[ The Real McCoy Online Home ]                                                                                                                         July 25, 2008
Armywide News

Armed forces commemorates 
60th anniversary of integration

      WASHINGTON, D.C. (Installation Management Command) -- On July 26, 1948, President Harry S. Truman signed Executive Order 9981, establishing the President's Committee on Equality of Treatment and Opportunity in the Armed Services. It was accompanied by Executive Order 9980, which created a Fair Employment Board to eliminate racial discrimination in federal employment.

      Segregation in the military services did not officially end until the Secretary of Defense announced Sept. 30,1954 that the last all-black unit had been abolished. However, the president's directive put the armed forces at the forefront of the growing movement to win an equal social role and equal treatment for our nation's African-American citizens.

      The Army, a little slow initially to embrace the change, began integrating units during the Korean War. Eighth Army commanders began filling losses in their white units with individuals from a surplus of black replacements arriving in Japan in late 1950. By early 1951, 9.4 percent of all African-Americans arriving in-theater were serving in some 41 newly and unofficially integrated units. Another 9.3 percent were in integrated but predominantly black units. The other 81 percent continued to serve in segregated units.

      This limited conversion to integrated units during the Korean War became permanent because it worked.  The performance of integrated troops was praiseworthy with no reports of racial friction.

      In December 1952, the Army Chief of Staff, Gen. J. Lawton Collins, ordered worldwide integration of Army units.  All of the earlier fears cited to support the continuation of a segregated Army proved to be groundless. There was no increase in racial incidents, no breakdown of discipline, no uprising against integration by white Soldiers or surrounding white communities, no backlash from segregationists in Congress, or major public denouncements. 

      The Army and the nation were taking the first steps toward racial equality and harmony that would be at the core of the civil rights movement of the early 1960s.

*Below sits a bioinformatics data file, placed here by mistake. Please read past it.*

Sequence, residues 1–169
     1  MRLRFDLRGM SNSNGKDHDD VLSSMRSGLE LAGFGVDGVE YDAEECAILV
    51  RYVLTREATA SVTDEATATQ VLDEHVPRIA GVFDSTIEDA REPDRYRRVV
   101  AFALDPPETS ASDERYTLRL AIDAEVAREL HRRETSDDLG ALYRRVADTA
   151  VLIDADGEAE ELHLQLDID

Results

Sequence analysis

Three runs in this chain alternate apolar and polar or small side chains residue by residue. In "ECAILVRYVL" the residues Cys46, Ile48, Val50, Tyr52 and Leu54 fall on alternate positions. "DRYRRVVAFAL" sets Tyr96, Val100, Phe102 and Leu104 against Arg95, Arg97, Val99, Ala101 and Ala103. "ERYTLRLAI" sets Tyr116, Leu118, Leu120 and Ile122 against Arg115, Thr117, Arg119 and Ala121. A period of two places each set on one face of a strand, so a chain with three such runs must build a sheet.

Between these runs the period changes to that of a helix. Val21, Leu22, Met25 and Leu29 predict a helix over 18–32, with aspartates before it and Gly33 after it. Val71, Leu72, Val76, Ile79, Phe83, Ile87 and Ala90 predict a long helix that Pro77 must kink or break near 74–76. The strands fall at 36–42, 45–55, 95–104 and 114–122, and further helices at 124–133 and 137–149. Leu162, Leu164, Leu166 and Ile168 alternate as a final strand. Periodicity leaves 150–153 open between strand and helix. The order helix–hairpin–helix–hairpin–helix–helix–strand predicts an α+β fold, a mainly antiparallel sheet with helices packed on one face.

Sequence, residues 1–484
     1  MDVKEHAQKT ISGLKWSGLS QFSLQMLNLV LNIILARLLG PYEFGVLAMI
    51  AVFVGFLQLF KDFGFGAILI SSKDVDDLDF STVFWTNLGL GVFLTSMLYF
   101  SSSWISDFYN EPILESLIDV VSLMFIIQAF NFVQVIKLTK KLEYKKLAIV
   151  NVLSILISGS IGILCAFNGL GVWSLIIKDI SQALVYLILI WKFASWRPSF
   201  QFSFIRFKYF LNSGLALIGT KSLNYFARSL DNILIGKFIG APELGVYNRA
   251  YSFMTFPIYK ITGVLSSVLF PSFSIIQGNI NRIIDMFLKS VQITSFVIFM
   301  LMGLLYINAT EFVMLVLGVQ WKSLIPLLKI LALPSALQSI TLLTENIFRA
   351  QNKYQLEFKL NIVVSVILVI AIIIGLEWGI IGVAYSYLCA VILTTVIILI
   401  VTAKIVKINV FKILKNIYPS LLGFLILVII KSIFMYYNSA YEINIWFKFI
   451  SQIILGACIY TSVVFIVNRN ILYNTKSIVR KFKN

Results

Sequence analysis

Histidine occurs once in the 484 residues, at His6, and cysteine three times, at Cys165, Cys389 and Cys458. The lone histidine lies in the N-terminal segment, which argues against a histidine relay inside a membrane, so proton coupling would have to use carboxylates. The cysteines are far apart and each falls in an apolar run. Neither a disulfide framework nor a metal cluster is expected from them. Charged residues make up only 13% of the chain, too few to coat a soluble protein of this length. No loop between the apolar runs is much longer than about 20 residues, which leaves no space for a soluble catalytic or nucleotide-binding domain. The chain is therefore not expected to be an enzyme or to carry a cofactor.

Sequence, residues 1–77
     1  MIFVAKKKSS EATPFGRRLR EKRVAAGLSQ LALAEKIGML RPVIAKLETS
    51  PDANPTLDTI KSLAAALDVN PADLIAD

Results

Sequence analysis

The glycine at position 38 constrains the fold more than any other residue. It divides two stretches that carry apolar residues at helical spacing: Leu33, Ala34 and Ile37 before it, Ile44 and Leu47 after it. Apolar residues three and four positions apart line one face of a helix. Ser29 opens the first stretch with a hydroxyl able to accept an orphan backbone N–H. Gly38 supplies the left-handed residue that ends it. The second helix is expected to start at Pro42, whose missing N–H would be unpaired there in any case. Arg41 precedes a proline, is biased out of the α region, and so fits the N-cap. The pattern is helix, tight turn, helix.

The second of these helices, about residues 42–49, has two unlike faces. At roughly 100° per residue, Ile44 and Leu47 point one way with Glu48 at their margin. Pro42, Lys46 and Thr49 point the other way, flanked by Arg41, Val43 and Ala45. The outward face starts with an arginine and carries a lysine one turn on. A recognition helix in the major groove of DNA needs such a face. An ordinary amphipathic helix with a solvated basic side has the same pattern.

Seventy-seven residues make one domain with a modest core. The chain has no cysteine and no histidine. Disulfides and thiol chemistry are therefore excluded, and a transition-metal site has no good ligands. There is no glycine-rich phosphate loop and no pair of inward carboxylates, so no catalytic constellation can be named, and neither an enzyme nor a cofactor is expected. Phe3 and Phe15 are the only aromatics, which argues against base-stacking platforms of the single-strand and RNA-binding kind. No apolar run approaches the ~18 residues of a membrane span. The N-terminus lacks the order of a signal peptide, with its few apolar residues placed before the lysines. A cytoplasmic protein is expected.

The integration of the armed forces did more than just provide opportunity for African-American Soldiers, it opened the door of opportunity for people from diverse backgrounds. 

      "I think that we're leaders in many areas, but certainly we're leaders in the equal opportunity," said Lt. Gen. (Retired) Julius Becton of the military.  Becton was a Soldier who lived through the integration from World War II through the Korean and Vietnam War, and the Army's first African-American three-star general.  "We're leaders in giving all minorities an opportunity to demonstrate what they can do.  A point that we oftentimes are prone to forget, the order of 9981 did not just help the blacks."

      Executive Order 9981 not only opened the door of opportunity for people from all walks if life, it showed the strength that there is in diversity, which was quickly recognized.

      "That order of 9981 helped the entire Army, because it enhanced combat effectiveness," Becton said.  "We don't have separate this, separate that, but when you are training together, you're going to be a better Army. We've proven that time and time again."

      As part of a continuing observance of Executive Order 9981, the U.S. Army will be highlighting the historic importance of its 60th Anniversary through the eyes of Soldiers serving today in a diverse force.  The true strength of a diverse force, as first demonstrated in those early days of integration, is being played out in today's Army.

      "We are not the greatest Army in the world because we are white or black, but because we reflect the faces of our society," said Sgt. Maj. of the Army Kenneth Pres-ton. "You learn early on that people can either be successful or not based on their abilities, willingness to make personal sacrifices and their commitment to the team."

(Sources:  Historical information above was condensed from Morris J. MacGregor, Jr.'s book, Integration of the Armed Forces, 1940-1965. A historian with the U.S. Army Center of Military History (CMH), MacGregor served for 10 years in the Historical Division of the Joint Chiefs of Staff before joining the CMH staff in 1968. LTG (R) Julius Becton quotes taken from PBS News Hour program transcript from link below: http://www.pbs.org/newshour/bb/military/july-dec98/integration_7-31.html.)


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